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Fundranker Blog—April 2011 Archive

Six-Month Winning Streak

Fundranker’s Top Eight Model Portfolio extended its most recent multi-month gain to six months—September, 2010, through February, 2011; unfortunately, it stopped there with a small loss for the month of March. During that six-month period, Fundranker’s Top Eight Model Portfolio gained 35.516%, while the Nasdaq Composite Index (as measured by Fidelity’s Nasdaq Composite Index Fund) and the S&P 500 Index (as measured by Fidelity’s Spartan 500 Index Fund - Investor Class) gained only 32.150% and 27.662%, respectively.

See our Five-Month Winning Streak post for a table that shows all of Fundranker’s multi-month gains and compares them to returns of the Nasdaq Composite Index and the S&P 500 Index.

With this six-month upturn under its belt, a slight loss in March, and another gain in April, Fundranker rose 20 months during the 26-month bull market that started in March, 2009. Perhaps Fundranker will extend its bull market run with a gain in May and mark a new multi-month upturn, April to May, as well.

Over all of its 23 historical multi-month upturns, Fundranker gained an average of 22.169%; the S&P 500 Index gained only 12.461% on average. Over Fundranker’s 14 historical multi-month upturns during which we tracked the Nasdaq Composite Index, Fundranker gained an average of 18.108%; the Nasdaq Composite Index gained only 14.881% on average.

Although past results are never an assurance of future performance, it’s still great to know that Fundranker regularly outperforms the Nasdaq Composite and S&P 500 Indexes.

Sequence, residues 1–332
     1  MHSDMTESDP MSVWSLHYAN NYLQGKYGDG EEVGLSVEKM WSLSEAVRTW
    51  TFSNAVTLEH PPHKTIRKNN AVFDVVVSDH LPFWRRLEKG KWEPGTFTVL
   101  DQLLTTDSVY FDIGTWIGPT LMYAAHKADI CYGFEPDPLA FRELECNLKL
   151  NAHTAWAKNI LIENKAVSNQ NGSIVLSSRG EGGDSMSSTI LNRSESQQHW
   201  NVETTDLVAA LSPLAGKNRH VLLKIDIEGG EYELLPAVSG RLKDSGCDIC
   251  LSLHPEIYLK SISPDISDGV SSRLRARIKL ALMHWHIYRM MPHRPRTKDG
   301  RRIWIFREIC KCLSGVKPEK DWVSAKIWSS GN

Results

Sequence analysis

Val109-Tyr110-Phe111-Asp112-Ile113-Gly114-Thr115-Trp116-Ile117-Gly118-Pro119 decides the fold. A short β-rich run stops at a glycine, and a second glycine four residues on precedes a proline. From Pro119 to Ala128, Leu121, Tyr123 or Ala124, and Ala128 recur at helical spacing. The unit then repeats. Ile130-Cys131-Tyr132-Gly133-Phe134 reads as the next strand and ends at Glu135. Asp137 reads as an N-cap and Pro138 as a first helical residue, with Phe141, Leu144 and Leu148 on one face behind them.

Posted 4/29/11 12:24pm ET in Fundranker, Market | Permalink | Comments (0)

April Bull Market Highs

As of April 26, both the Nasdaq Composite Index (as measured by Fidelity’s Nasdaq Composite Index Fund) and the S&P 500 Index (as measured by Fidelity’s Spartan 500 Index Fund - Investor Class) hit new bull market highs. The bull market that began in March, 2009, is now nearly 26 months old.

As of April 26, the Nasdaq Composite Index is up 127.648% from its March 9, 2009, bear market low, and it is up 2.219% from the high it reached on October 31, 2007, at the end of the preceding bull market.

As of April 26, the S&P 500 Index is up 107.581% from its March 9, 2009, bear market low, but it still is down 7.178% from the all-time high it reached on October 9, 2007, at the end of the preceding bull market.

As of April 26, Fundranker’s Top Eight Model Portfolio is up 98.543% from its March 9, 2009, bear market low, but it still is down 11.712% from the all-time high it reached on June 23, 2008, a few months into the preceding bear market.

Posted 4/27/11 1:50pm ET in Fundranker, Market | Permalink | Comments (0)

Market Volatility Surges

With continuing unrest in the Middle East, the devastating earthquake and tsunami in Japan, and Japan’s continuing nuclear disaster, world stock markets have been particularly volatile from late February and through mid-April.

Through March 16, when markets hit lows for the current downturn, the S&P 500 Index (as measured by Fidelity’s Spartan 500 Index Fund - Investor Class) was down 6.258% from its February 18 bull market high, the Nasdaq Composite Index (as measured by Fidelity’s Nasdaq Composite Index Fund) was down 7.627% from its February 18 bull market high, and Fundranker’s Top Eight Model Portfolio was down 8.720% from its February 17 bull market high.

During the last half of March, however, the stock market broke to the upside, regaining most of the above losses. As of March 31, the S&P 500 Index, the Nasdaq Composite Index, and Fundranker’s Top Eight Model Portfolio were down only 1.071%, 1.807%, and 2.222%, respectively, from their mid-February bull market highs.

In April, the market turned down again, especially today, April 18, with the S&P 500 down over 1.5% midday on new worries that include today’s downgrade of the United States’ credit outlook by Standard & Poors and increasing concerns that Greece will have to renegotiate terms of its public debt.

Posted 4/20/11 1:09pm ET in Fundranker, Market | Permalink | Comments (0)